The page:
Biard is well aware that the international attention following the ‘Je Suis Charlie’ movement, brought with it an increased level of criticism of Charlie Hebdo. Still it is worth remembering just how remarkable that moment was. In the days following the massacre, more than three million French people came out on to the streets in solidarity, all declaring ‘Je Suis Charlie’. And across the world, leaders and citizens followed suit.

‘It was a very strange period’, Biard recalls. ‘We suddenly went from being a small, very French journal to a kind of international symbol of free speech. So it was a little strange. We were seen as heroes, though we never considered ourselves to be heroes. There is something that I often say, because it was written a lot that the people at Charlie who died that day “gave their lives”. No, they did not give their lives. Their lives were taken.’ He adds, ‘We are a journal which defends its ideas. A political, satirical journal. But we remain a journal, we are not soldiers.’

‘Je Suis Charlie’ solidarity march. Picture by: PA images

For Biard, the ‘Je Suis Charlie’ movement made sense at the time. ‘It corresponded to a reflex from the French population, as well as certain populations across the world, who were shocked by what had happened. It was the first time for a very long time – since the end of the Second World War – when, in a democracy, a comment journal was subject to an attack, a murderous attack.

‘As to what “Je Suis Charlie” meant, there was a bit of everything. There were people who said it in complete sincerity, and who still say it. Others said it out of pure opportunism. And others said it because it was inconceivable to say anything else at that time.’

Despite millions across the globe turning out to support Charlie’s right to free speech, Biard says that today there is a certain ambivalence towards freedom of expression. ‘We are in a paradoxical society, where, on the one hand we insult each other and send death threats over the smallest disagreements on social networks… The response when we disagree on social networks is “son of a bitch” or “I’m going to kill you”. And then, alongside this, we have a society where, as soon as we want to laugh at death, for example, we find ourselves in a hypersensitive society. Today, as a comment journal you cannot question yourself all the time over who you might shock, over whose feelings you might hurt. If not, we would do nothing. It’s impossible.’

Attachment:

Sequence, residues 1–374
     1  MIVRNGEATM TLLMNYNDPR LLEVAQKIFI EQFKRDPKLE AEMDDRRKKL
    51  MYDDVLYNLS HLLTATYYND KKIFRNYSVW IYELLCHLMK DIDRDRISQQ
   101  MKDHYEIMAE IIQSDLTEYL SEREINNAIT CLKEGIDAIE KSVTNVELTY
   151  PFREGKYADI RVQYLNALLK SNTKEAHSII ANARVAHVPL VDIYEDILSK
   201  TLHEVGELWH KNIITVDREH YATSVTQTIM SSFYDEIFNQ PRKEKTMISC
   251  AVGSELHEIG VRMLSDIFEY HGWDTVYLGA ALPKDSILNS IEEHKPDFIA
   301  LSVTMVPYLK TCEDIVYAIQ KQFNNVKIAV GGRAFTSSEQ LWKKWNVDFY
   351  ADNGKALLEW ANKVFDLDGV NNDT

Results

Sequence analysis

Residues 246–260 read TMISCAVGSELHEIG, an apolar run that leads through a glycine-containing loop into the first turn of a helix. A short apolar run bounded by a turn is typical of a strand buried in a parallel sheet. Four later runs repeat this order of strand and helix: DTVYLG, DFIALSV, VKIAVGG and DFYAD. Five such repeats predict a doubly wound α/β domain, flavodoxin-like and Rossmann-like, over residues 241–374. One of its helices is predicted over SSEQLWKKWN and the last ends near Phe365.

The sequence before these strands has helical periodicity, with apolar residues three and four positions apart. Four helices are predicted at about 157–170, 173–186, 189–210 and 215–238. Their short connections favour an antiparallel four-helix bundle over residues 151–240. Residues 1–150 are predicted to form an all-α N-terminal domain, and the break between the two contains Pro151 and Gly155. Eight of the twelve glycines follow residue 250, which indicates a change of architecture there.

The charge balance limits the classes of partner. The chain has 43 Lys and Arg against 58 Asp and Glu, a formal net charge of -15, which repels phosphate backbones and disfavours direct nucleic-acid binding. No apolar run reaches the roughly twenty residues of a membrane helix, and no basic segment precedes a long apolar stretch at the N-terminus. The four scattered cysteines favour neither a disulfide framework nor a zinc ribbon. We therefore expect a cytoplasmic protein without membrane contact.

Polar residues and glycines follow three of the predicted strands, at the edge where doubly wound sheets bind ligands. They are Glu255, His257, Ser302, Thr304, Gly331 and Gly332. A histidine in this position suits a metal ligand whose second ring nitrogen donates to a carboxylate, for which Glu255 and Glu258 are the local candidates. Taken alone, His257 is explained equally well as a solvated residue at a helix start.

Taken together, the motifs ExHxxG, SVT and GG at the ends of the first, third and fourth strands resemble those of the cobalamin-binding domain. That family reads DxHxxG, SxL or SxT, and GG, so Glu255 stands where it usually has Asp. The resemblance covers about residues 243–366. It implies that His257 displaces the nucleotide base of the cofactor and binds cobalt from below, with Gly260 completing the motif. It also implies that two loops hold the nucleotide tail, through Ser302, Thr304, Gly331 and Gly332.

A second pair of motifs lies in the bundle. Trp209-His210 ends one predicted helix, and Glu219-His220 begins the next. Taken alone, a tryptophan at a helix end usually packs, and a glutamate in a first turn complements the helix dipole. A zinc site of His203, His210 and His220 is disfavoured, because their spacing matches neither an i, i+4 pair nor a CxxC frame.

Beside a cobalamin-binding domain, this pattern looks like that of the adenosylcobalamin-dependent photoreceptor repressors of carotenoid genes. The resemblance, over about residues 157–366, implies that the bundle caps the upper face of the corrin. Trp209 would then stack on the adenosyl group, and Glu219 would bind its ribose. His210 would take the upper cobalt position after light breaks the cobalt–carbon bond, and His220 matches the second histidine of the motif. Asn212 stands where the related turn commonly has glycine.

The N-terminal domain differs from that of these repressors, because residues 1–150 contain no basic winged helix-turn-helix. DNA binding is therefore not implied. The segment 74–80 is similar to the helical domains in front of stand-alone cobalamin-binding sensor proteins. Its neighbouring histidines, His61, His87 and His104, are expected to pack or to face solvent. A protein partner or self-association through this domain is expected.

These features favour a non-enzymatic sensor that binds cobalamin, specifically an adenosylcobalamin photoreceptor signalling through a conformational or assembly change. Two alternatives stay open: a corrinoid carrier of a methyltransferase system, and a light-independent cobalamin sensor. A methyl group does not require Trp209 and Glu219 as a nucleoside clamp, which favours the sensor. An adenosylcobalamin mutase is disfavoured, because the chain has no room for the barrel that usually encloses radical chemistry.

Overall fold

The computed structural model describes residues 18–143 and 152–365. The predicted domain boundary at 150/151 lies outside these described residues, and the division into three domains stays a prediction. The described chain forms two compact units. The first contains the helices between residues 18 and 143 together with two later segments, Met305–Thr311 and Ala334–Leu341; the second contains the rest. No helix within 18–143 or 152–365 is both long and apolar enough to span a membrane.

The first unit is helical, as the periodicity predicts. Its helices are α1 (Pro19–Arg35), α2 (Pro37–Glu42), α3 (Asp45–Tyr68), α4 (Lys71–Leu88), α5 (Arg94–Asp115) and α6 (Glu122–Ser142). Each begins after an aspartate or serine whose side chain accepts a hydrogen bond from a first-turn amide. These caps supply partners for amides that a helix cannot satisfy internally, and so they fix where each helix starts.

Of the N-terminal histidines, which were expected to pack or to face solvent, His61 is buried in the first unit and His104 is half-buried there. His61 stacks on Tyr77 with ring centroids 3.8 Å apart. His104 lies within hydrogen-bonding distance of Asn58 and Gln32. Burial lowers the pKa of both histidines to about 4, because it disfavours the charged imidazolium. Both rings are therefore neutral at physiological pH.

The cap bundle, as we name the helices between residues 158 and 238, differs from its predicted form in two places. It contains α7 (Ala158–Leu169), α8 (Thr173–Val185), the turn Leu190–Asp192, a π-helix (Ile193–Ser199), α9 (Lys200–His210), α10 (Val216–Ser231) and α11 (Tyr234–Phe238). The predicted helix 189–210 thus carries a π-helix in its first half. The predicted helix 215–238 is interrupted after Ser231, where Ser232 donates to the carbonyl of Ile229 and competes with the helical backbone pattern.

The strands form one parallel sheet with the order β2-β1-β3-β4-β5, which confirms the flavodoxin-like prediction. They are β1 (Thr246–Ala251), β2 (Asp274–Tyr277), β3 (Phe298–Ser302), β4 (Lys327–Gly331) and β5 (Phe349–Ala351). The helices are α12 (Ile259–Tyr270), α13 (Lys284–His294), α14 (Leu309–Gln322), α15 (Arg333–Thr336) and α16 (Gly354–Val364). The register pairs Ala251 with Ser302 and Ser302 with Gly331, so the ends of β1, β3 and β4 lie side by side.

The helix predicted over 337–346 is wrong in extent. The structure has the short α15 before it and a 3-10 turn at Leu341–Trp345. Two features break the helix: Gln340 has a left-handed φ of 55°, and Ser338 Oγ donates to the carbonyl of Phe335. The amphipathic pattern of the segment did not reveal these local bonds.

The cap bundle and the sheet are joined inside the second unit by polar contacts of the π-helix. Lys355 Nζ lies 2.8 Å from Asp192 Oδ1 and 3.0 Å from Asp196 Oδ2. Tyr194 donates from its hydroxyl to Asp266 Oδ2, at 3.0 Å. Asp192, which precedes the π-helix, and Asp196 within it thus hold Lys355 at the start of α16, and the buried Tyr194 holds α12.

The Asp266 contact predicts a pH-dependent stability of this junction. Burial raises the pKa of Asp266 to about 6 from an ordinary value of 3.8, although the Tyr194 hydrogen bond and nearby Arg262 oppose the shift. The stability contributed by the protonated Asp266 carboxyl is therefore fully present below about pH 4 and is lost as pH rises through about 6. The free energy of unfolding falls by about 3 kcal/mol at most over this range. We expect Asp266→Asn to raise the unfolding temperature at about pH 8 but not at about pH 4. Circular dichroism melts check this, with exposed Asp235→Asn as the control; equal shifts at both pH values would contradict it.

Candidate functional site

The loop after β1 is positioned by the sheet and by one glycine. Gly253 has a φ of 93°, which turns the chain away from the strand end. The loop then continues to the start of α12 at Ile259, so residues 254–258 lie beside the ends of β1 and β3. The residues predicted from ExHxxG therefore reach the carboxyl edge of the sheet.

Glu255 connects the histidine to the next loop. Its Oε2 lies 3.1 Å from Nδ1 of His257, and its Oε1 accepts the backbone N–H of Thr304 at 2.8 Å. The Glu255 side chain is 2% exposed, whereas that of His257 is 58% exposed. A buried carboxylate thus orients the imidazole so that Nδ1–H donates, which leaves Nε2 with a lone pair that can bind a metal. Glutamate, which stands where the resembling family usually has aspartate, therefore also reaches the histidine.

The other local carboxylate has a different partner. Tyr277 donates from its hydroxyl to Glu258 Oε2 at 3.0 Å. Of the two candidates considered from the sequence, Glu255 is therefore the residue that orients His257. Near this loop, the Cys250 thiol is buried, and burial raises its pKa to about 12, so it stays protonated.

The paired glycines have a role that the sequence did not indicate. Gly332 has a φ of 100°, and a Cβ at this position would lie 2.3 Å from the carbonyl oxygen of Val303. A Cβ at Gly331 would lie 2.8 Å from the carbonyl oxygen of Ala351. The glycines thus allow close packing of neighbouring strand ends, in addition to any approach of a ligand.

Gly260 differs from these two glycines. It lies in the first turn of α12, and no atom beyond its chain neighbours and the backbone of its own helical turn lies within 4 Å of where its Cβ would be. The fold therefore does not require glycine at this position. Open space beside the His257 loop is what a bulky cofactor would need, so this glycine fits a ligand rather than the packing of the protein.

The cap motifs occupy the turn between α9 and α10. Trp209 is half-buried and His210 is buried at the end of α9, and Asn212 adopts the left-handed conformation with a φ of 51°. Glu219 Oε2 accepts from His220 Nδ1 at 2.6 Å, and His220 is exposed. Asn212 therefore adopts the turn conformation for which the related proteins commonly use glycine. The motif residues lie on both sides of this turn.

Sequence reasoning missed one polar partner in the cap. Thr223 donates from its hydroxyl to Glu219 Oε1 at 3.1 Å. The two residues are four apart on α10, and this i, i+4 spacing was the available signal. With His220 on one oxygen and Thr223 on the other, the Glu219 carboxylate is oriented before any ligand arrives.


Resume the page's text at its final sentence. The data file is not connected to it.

Later Biard again mentions this strange contradiction between the world of online social networks and the real world. ‘I don’t like the term “politically correct”, but I will use it anyway. There are some good things within political correctness, but when it becomes an end in itself, something that dictates all behaviour or all opinions, that poses a problem… People are able to express the most disgusting things online, on Twitter, Facebook and forums… Yet, in society there is the impression that as soon as you say something that is a little outside of the norm, it is experienced as an aggression. These two forces create a completely absurd situation.’

When I ask why freedom of speech is so important, Biard is clear: ‘It’s one of the pillars of democracy’, but adds, ‘that doesn’t mean we can say everything and anything. There are things we don’t have the right to say because it’s the law. We don’t have the right to say things that are racist or anti-Semitic. I think there is a fundamental element in the respect for free speech, which should be the foundation of the right to free speech: it is not so much what we say, but why we say it.’

Later on he explains: ‘When we criticise a religion in Charlie, we don’t criticise it because it’s funny to criticise a religion, we criticise it for precise reasons. We criticise it because [religion] wants to exert a political power, because it exerts pressure on society, because it advocates a vision of life in society which is not our vision. We are involved in a debate, in the confrontation of ideas.’

Biard is not in favour of unregulated speech. He supports French laws that outlaw Holocaust denial, and is sympathetic towards laws on hate speech. As an example, he cites prosecution of French comedian Dieudonné, who has been arrested numerous times for hate speech. ‘When you have someone like Dieudonné, who spends his time doing sketches saying Jews control the world, Jews control the banks and finance, and that the Shoah wasn’t important, we know very well why he says it. Therefore, there is a problem. It is incitement to hatred. However, when we draw Muhammad, for example, when apparently it is forbidden, first of all, who decrees that it is forbidden to draw him, and why do we do it?’